“During autumn the attention of the children should be attracted to the leaves by their gorgeous colors. It is well to use this interest to cultivate their knowledge of the forms of leaves of trees; but the teaching of the tree species to the young child should be done quite incidentally and guardedly. If the teacher says to the child bringing a leaf, “This is a white-oak leaf,” the child will soon quite unconsciously learn that leaf by name. Thus, tree study may be begun in the kindergarten or the primary grades.” Handbook of Nature Study, page 622
I regularly am asked how to teach nature study. Should you read the Handbook of Nature Study to your child? Should you draw in other resources? Should you take your nature journal with you on your walks? Should you require a nature journal entry? How do you share information without it becoming a “lesson”?
These are all really great questions and I know for each family the answers will be a little bit different because you have different children with different learning styles. I try to keep in mind the principle outlined in the quote from the Handbook of Nature Study above.
The Handbook of Nature Study was written for adults. Adults who were then to try to offer nature study to children. Anna Botsford Comstock knew that the key to great times in nature study depended on the interest and enthusiasm of the teacher/parent. She knew that even adults *needed* this time outdoors to refresh and to inspire us.
“She who opens her eyes and her heart nature-ward even once a week finds nature study in the schoolroom a delight and an abiding joy……She finds, first of all, companionship with her children; and second, she finds that without planning or going on a far voyage, she has found health and strength.”
Handbook of Nature Study, page 3
The other key is to take things slowly and to over time incorporate vocabulary and labels for things you find in nature. This calls for a little work by the adult in the beginning.
“If the teacher says, “I have a pink hepatica. Can anyone find me a blue one?” the children, who naturally like grown up words, will soon be calling these flowers hepaticas….The child should never be required to learn the name of anything in the nature study work; but the name should be used so often and so naturally in his prescense that he will learn it without being conscious of the process.” Handbook of Nature Study, page 11
“The half-hour excursion should be preceded by a talk concerning the purposes of the outing and the pupils must know that certain observations are to be made or they will not be permitted to go again. This should not be emphasized as a punishment; but they should be made to understand that a field excursion is only, naturally enough, for those who wish to see and understand outdoor life.” Handbook of Nature Study, page 15
If you want more guidance on this topic, read the whole section on page 15 under The Field Excursion. I find that as my children are getting older, our time is more limited as far as nature study. I make it a priority to fit it in every week but the amount of time is more limited. We need our formal nature study to be concentrated and focused so that we can get the most out of it.
“It is a mistake to think that a half day is necessary for a field lesson, since a very efficient field trip may be made during the ten or fifteen minutes at recess, if it is well planned.” Handbook of Nature Study, page 15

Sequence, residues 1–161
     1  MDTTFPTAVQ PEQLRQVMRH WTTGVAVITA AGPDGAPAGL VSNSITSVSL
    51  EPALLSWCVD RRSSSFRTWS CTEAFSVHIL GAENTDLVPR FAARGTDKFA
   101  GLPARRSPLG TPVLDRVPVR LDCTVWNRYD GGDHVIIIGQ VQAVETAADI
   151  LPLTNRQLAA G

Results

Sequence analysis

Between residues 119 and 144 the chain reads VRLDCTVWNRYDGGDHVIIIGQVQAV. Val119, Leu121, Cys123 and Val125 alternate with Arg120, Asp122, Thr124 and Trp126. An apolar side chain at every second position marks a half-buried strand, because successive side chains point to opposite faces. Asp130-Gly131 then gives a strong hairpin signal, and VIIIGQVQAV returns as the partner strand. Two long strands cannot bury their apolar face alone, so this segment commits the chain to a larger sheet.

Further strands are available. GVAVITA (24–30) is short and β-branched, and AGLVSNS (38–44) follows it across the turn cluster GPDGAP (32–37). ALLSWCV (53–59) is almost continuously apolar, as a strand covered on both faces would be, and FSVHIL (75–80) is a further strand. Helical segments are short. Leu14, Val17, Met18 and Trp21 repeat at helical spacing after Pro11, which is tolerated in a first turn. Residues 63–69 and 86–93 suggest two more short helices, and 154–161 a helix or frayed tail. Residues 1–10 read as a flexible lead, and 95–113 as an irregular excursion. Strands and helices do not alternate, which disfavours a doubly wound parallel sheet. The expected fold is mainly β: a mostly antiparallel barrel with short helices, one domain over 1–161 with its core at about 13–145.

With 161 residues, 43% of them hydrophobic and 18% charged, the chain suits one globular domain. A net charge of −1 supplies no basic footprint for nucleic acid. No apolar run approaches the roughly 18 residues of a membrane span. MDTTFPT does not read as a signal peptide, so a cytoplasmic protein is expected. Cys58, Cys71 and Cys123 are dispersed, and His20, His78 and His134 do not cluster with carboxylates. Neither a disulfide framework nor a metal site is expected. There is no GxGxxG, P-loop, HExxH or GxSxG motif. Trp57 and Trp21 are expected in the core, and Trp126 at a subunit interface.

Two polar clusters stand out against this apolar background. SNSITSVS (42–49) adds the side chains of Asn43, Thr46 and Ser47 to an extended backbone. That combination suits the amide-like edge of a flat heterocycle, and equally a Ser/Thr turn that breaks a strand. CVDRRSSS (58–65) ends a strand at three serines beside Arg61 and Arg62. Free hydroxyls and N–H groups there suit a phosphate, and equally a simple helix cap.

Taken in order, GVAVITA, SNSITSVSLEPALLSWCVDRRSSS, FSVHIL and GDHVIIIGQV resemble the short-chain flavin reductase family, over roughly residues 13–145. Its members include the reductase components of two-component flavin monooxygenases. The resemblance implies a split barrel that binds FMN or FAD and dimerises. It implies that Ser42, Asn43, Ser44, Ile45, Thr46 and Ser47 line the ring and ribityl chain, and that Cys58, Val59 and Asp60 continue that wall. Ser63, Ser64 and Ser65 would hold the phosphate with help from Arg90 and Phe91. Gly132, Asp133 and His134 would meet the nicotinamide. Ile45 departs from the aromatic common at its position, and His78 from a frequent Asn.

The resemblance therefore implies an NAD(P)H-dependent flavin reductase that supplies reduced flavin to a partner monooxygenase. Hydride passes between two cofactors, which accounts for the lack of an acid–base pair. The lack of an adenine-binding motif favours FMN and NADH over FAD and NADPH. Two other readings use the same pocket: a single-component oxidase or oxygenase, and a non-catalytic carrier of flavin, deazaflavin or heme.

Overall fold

The nature journal is something that is as individual as the child. My expectation for the simplest of nature journals has always been to include a sketch, a label, and a date. This simple formula works to help the child not be so overwhelmed with making a “pretty” journal entry. The journal is something that should bring joy to the child.
“When the child is interested in studying any object, he enjoys illustrating his observations with drawings; the happy absorption of children thus engaged is a delight to witness.” Handbook of Nature Study, page 17
This means that if your child finds drawing a chore, skip it. Try again another day. Eventually, they will find something to include in their journal. I have many examples of a variety of styles of journal entries listed on my right sidebar. Do not get in the mindset that only drawing is acceptable in a nature journal. Lists, photos, diagrams, thoughts, poems, a sentence or two, or a combination of those things will become a very nice journal over time. We do not make a journal entry every week and our journals are still precious to us.
So hopefully I have helped you understand a little of what I get from the Handbook of Nature Study.
- The HNS is for the adult to read and be inspired from.
- The HNS is for gleaning information and observation ideas for nature study.
- Young children will learn the proper names for things naturally if you use it in conversation.
- Older children will need a bit more preparation to begin to focus their nature study time.
- Nature journal entries are not required after every outdoor experience.
- Nature journals include a variety of information.
- Nature study refreshes and inspires the parents as well as the children.
- Regularly read the Handbook of Nature Study to refine your skills as a guide for your children.
Dust your copy of the Handbook of Nature Study off today and read a few pages of the introductory chapters. Scan the Table of Contents and see if anything catches your eye for a nature study this week. Join us in completing the Autumn Series of Outdoor Hour Challenges. Do something this week to get you outdoors with your children for even a few minutes to have some fun and refreshment.
If you want some additional help getting started, go to the right sidebar of my blog and start with Outdoor Hour Challenge #1. You can also purchase the first ten challenges in ebook format along with notebook pages for you nature journal. Information on that is also in my right sidebar.